|Review: Iron Mask - Fifth Son Of Winterdoom|
|Fifth Son Of Winterdoom|
Label: AFM Records
Year released: 2013
Genre: Power Metal
Review online: March 16, 2014
Reviewed by: MetalMike
for:Fifth Son Of Winterdoom
Rated 3.2/5 (64%) (10 Votes)
Fifth Son of Winterdoom is the fifth album for Belgium's Iron Mask and it sees them continue on the path of crunchy, Euro Power Metal they've been following since 2002. Sort of. I have to laugh a bit because the neo-classical guitar work, bright keyboards and huge choruses had me immediately thinking of Yngwie Malmsteen's album Trilogy. When I looked up Iron Mask's line-up and saw that Mark Boals was behind the mic, the same singer as on Trilogy, it made sense. Songs like "Seven Samurai," "Like a Lion in a Cage" and "Run to Me" hit all the same notes that made the Swedish guitar maestro's albums such fun. The technically wizardry of guitarist Dushan Petrossi doesn't hurt, either. Those songs, while not revolutionary, are good at what they are aiming to be, but there are some other tracks on Fifth Son of Winterdoom that will leave you scratching your head. "Back into Mystery" and "Angel Eyes, Demon Soul" are so different, in a happy, lets-skip-to-the-park Hair Metal way I had to go back to the Metal Archives to make sure that, yes indeed, this band's last album was called Black as Death. These two songs should be on a mid-80s Y&T album, for crying out loud. I'm not saying they are bad, if you like that sort of music, but what atmosphere killers they are. The title track, on the other hand, is firmly in the mold of the rest of the album musically but suffers from long, boring effects, overwrought storytelling and a 10+ minute length, and it barely remains interesting for a third of that time. It's like the band had the title and tried to come up with something epic to go around it and fell short by about six minutes. It they'd wanted to pick a great song to represent the album they needed to look no further than the closer, "The Picture of Dorian Gray." This tale of a man who maintains his youth while his portrait grows older is a fascinating retelling of the Oscar Wilde novel and features the best, most engaging songwriting on the album.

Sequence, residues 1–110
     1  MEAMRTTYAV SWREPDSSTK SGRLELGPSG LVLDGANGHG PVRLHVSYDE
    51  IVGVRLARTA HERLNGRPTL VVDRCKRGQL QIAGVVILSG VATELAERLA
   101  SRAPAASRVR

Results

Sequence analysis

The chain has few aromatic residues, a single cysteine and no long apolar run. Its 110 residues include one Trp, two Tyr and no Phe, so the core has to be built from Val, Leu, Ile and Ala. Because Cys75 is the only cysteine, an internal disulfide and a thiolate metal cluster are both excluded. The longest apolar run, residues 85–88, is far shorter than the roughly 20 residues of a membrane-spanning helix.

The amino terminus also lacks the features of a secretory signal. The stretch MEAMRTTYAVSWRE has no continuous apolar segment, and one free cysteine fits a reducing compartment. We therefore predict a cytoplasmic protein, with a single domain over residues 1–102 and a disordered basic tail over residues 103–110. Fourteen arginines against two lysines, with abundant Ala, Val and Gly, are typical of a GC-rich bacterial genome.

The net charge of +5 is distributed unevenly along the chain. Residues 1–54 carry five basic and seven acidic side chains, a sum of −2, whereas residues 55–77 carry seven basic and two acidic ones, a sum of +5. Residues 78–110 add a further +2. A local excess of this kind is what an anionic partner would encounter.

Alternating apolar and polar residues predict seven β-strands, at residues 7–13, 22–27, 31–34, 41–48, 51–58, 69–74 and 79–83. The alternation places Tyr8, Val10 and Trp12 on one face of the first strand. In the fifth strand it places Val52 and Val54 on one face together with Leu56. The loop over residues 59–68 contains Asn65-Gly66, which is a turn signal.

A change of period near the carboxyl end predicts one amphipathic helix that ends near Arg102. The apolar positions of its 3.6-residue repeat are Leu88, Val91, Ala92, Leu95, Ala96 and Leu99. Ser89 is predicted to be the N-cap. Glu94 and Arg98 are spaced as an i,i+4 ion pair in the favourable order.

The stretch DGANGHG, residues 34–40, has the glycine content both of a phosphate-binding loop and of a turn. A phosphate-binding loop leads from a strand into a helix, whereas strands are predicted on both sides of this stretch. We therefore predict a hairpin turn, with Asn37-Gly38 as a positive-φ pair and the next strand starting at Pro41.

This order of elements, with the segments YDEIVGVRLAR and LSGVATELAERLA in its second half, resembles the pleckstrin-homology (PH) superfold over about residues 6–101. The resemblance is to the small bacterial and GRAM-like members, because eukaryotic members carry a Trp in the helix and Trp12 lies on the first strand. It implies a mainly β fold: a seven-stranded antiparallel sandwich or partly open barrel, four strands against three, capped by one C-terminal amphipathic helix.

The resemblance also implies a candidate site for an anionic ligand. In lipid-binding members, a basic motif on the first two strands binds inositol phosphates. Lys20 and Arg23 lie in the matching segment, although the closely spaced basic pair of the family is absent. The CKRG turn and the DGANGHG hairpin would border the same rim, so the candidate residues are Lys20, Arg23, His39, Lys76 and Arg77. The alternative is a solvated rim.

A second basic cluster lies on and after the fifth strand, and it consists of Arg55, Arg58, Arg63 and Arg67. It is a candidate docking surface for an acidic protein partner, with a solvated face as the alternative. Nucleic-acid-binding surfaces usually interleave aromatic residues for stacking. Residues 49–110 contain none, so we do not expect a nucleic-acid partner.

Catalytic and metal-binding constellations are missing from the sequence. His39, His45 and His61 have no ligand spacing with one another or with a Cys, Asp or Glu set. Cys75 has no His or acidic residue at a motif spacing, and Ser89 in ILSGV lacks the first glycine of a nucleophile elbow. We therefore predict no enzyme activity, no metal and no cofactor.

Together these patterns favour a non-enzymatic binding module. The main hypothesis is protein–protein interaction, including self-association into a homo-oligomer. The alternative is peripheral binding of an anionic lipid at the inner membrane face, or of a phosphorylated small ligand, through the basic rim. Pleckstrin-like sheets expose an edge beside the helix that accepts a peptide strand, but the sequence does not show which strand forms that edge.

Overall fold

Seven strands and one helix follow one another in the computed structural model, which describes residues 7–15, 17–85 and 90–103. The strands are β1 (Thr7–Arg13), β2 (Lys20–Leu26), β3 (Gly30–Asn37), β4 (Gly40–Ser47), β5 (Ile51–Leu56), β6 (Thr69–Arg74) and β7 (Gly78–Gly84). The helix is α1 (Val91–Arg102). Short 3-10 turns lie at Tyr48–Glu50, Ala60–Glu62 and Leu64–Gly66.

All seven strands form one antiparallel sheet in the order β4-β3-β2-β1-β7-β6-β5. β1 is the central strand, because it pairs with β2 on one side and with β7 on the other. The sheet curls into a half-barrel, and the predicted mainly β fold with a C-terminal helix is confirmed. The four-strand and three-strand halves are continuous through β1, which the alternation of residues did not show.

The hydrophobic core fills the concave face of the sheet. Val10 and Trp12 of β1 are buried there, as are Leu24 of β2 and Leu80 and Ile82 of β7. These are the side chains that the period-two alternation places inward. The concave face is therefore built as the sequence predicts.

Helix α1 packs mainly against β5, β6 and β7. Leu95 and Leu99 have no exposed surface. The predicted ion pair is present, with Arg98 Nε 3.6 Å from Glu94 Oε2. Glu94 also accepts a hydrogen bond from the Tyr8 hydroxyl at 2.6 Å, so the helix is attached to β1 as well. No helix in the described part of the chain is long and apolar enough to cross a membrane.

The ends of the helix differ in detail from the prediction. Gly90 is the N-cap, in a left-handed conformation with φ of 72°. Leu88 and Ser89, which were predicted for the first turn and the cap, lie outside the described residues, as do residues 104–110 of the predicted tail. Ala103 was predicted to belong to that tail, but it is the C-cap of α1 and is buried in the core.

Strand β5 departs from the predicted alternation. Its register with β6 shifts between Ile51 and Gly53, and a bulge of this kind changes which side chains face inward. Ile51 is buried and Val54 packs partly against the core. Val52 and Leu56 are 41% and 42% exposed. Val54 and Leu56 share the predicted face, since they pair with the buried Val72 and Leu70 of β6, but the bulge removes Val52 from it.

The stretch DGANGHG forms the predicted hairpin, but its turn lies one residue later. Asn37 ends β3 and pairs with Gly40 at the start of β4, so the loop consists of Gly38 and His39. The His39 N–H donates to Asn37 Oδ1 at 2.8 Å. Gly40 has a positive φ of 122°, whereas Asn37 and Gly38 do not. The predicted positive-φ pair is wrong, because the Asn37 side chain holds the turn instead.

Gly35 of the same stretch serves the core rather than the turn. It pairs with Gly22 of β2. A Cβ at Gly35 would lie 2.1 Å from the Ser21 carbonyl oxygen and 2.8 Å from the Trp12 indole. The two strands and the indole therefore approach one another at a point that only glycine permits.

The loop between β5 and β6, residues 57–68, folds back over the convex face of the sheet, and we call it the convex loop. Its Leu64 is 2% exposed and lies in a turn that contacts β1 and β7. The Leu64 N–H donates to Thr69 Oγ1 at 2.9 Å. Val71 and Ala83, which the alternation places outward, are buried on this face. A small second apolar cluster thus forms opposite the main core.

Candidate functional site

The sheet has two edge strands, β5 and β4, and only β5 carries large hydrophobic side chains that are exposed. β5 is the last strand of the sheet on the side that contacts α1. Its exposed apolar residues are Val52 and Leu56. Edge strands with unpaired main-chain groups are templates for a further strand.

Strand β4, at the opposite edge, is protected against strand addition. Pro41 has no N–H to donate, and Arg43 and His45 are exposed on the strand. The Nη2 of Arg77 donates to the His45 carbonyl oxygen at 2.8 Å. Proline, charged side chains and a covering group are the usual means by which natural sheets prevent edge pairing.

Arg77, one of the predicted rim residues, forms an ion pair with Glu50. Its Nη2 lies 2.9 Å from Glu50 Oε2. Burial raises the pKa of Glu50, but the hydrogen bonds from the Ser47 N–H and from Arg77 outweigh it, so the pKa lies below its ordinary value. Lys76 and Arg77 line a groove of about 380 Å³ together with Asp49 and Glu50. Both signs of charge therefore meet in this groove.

Fifth Son of Winterdoom has some decent crunchy Power Metal, with an excellent example of how good this genre can be right at the end. It also features some subpar songwriting to go along with truly curious sequencing decisions. In other words, it is the epitome of a mixed bag.
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